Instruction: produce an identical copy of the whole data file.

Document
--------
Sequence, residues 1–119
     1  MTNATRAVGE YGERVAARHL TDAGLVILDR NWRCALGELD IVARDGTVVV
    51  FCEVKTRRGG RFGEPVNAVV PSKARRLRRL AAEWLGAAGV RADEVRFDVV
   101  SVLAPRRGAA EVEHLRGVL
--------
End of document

Sequence, residues 1–119
     1  MTNATRAVGE YGERVAARHL TDAGLVILDR NWRCALGELD IVARDGTVVV
    51  FCEVKTRRGG RFGEPVNAVV PSKARRLRRL AAEWLGAAGV RADEVRFDVV
   101  SVLAPRRGAA EVEHLRGVL